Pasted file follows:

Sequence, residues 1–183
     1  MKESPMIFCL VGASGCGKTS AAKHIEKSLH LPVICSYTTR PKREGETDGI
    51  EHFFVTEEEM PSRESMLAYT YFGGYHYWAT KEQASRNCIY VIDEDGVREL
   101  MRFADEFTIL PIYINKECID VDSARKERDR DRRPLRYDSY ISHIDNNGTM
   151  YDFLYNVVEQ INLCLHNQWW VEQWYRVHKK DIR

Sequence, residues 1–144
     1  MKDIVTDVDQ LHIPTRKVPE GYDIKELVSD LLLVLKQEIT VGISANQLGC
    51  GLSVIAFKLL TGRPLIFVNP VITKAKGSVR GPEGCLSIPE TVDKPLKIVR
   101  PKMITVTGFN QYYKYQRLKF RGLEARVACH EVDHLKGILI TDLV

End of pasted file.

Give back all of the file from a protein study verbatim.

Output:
Sequence, residues 1–183
     1  MKESPMIFCL VGASGCGKTS AAKHIEKSLH LPVICSYTTR PKREGETDGI
    51  EHFFVTEEEM PSRESMLAYT YFGGYHYWAT KEQASRNCIY VIDEDGVREL
   101  MRFADEFTIL PIYINKECID VDSARKERDR DRRPLRYDSY ISHIDNNGTM
   151  YDFLYNVVEQ INLCLHNQWW VEQWYRVHKK DIR

Sequence, residues 1–144
     1  MKDIVTDVDQ LHIPTRKVPE GYDIKELVSD LLLVLKQEIT VGISANQLGC
    51  GLSVIAFKLL TGRPLIFVNP VITKAKGSVR GPEGCLSIPE TVDKPLKIVR
   101  PKMITVTGFN QYYKYQRLKF RGLEARVACH EVDHLKGILI TDLV